Yes, anyone can have a black belt. Anyone can literally just buy one and wear it – there’s no karate police to stop that. (When I was a kid, I thought one had to present a certificate to get a black belt, at a special store. It just seemed so magical.) People wear them for Halloween. Any dojo can hand them out as they wish. There are dojos and federations that do – to children, to rich people who buy their way into the black belt club, to administrators that have never stepped on the mat.
But not everyone can be a black belt, a real yudansha, who gives back as much, if not more than, they are given. Time to your dojo, mentorship to juniors, dedication to the craft. Exemplifying the best qualities of a martial artist and representing the art well to the outside world. To give the black belt the credibility and weight it deserves. To try and restore some honest value to the idea of the belt and the milestone it represents.
Just as quacks do harm to the medical profession, McDojos do real harm to serious dojos. They undermine our work by handing out ranks like candy to those willing to pay instead of working for it. They give people a false sense of their ability, which is as dangerous as it is foolish. They think they can handle themselves, but under pressure we fall to the level of our training, not our expectations.
It takes years to get a serious black belt. It’s dozens of weekends spent at gashuku (seminars) instead of birthday parties, and missing family events. It’s week after week of studious application, month after month of showing up and putting in the time. And not just the bare minimum of classes, but every opportunity to train is taken. It’s an achievement measured in years. There is a price for a black belt: one that cannot be measured in currency, but in spirit and character, time and effort.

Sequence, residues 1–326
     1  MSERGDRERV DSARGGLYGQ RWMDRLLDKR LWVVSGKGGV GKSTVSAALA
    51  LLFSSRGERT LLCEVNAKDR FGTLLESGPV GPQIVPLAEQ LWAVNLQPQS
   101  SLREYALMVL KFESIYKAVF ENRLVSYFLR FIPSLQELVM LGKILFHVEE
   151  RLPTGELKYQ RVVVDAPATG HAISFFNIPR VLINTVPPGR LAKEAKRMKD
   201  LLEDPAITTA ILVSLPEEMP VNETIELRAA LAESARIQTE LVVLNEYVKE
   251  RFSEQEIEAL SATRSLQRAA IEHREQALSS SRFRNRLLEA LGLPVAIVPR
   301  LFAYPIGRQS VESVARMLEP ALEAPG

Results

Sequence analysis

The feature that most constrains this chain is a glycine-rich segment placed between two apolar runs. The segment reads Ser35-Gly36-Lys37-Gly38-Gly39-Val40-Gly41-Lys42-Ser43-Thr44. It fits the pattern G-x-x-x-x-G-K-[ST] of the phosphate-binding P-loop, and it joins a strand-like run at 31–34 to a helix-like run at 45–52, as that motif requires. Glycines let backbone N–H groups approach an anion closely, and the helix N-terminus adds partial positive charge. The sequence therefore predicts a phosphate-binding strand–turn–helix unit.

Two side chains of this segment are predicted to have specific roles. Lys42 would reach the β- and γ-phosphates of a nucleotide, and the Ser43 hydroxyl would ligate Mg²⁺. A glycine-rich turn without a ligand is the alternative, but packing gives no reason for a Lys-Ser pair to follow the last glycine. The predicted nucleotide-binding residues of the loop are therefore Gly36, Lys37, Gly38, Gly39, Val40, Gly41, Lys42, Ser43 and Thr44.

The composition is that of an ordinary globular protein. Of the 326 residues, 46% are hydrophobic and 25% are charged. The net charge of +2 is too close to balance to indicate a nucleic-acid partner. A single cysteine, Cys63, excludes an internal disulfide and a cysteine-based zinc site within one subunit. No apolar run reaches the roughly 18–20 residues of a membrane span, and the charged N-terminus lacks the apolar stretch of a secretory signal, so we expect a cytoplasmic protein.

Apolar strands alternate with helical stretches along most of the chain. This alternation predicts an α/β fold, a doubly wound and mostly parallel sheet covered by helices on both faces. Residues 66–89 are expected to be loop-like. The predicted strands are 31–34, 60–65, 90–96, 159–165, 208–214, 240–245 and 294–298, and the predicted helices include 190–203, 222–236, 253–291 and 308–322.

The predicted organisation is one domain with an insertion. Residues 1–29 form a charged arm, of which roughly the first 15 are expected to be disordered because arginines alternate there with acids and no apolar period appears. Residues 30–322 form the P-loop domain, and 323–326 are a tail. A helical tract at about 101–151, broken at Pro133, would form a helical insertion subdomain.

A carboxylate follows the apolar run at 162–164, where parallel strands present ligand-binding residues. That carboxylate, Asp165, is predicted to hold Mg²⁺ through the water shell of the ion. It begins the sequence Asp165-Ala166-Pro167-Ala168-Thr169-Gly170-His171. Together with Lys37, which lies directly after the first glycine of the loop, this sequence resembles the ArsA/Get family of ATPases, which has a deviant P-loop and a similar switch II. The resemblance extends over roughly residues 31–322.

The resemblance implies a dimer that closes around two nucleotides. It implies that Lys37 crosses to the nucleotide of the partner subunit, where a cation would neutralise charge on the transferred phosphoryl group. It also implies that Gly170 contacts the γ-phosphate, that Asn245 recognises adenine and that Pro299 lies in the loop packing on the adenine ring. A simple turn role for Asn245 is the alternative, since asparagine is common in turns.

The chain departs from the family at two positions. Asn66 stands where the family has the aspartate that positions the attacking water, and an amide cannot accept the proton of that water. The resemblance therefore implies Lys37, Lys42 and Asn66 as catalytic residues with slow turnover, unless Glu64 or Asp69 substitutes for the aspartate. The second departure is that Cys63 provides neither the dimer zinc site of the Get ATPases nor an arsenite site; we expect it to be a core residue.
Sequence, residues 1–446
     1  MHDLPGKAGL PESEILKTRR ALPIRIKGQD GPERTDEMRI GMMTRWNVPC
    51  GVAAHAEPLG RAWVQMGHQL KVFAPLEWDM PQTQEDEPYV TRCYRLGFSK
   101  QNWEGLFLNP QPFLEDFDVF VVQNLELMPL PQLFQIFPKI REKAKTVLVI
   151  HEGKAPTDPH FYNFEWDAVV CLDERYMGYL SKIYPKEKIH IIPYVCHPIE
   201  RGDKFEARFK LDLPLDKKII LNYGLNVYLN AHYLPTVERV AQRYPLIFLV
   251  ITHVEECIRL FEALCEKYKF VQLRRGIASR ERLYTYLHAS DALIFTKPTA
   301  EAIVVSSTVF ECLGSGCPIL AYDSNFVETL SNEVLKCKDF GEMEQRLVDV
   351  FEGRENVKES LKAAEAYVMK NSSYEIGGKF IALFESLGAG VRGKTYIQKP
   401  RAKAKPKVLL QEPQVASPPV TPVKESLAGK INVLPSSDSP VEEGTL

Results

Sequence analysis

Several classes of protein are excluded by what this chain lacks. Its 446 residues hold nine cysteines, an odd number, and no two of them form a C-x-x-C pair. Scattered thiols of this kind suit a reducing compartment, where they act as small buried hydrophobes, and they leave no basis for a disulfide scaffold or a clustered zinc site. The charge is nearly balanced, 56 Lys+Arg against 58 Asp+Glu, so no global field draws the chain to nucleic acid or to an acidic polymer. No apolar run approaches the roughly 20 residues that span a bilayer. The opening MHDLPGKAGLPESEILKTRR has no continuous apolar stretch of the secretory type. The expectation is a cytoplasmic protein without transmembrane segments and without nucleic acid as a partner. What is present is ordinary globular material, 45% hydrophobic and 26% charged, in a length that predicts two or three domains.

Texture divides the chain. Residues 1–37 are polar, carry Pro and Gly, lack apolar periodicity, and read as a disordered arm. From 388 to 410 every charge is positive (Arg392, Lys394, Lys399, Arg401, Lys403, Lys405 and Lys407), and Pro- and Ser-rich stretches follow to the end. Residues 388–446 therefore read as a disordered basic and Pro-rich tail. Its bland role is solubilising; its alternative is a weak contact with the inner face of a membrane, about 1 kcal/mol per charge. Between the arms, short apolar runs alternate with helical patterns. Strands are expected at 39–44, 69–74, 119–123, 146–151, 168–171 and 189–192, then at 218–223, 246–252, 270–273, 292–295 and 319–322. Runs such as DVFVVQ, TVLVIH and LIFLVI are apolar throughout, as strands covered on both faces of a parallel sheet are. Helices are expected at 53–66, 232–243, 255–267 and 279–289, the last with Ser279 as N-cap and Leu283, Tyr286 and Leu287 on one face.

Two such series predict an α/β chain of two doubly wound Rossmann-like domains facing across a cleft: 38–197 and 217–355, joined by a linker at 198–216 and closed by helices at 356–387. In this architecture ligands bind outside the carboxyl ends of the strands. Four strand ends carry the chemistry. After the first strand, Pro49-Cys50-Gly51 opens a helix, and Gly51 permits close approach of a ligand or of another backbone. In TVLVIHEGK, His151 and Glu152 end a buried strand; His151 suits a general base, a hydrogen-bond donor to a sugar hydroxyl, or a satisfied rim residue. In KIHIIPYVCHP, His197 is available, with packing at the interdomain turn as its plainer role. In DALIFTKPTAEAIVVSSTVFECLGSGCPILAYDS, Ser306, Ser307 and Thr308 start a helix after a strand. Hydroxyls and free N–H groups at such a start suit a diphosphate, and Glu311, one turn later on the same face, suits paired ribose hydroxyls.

It should be hard to get. To steal a cheesy quote, hard is what makes it great. Whether it is marathon running, or parenting, or karate, it is the difficulty that yields such beautiful rewards. Easy is for instant noodles and Netflix. Easy is for weekend warriors. Real karate, and real progress and rewards, is like chipping jewels out of a mountain using a butter knife. (Or at least, it feels that way.)
There are hundreds of thousands of people wearing black belts all over the world. It’s not exactly rare. And sometimes, a belt is just something that holds your gi jacket together. But to me, it represents a decade and a half of karate, and I value it as much as my two degrees, which usually impress people more than my black belt does (even though they took half the time it took me to get to Shodan, and were much easier to accomplish). It is the symbol of my sweat, my sacrifice, the work of my teachers and my peers and my juniors, and what I have to offer others.
I am grateful that I have been considered worthy, and that the path was not easy. I know that it was not given lightly, and I hope to live up to the expectations of my instructors, as well as my students, and the parents that entrust their children’s karate journey to me (and my husband, obviously). Hopefully, I can help more girls, and young women, stay on this path and not give up. And with time, I hope to be able to give back more to the art that has given me so much.
- I stand on the shoulders of giants. Thank you to Sensei Lillian, Sensei Davina, Sensei Mutsuko Minegishi and Sensei Mary, and even though I’ve never met her but I’m inspired still, Sensei AND Doctor Mary Roe, of Jundokan International.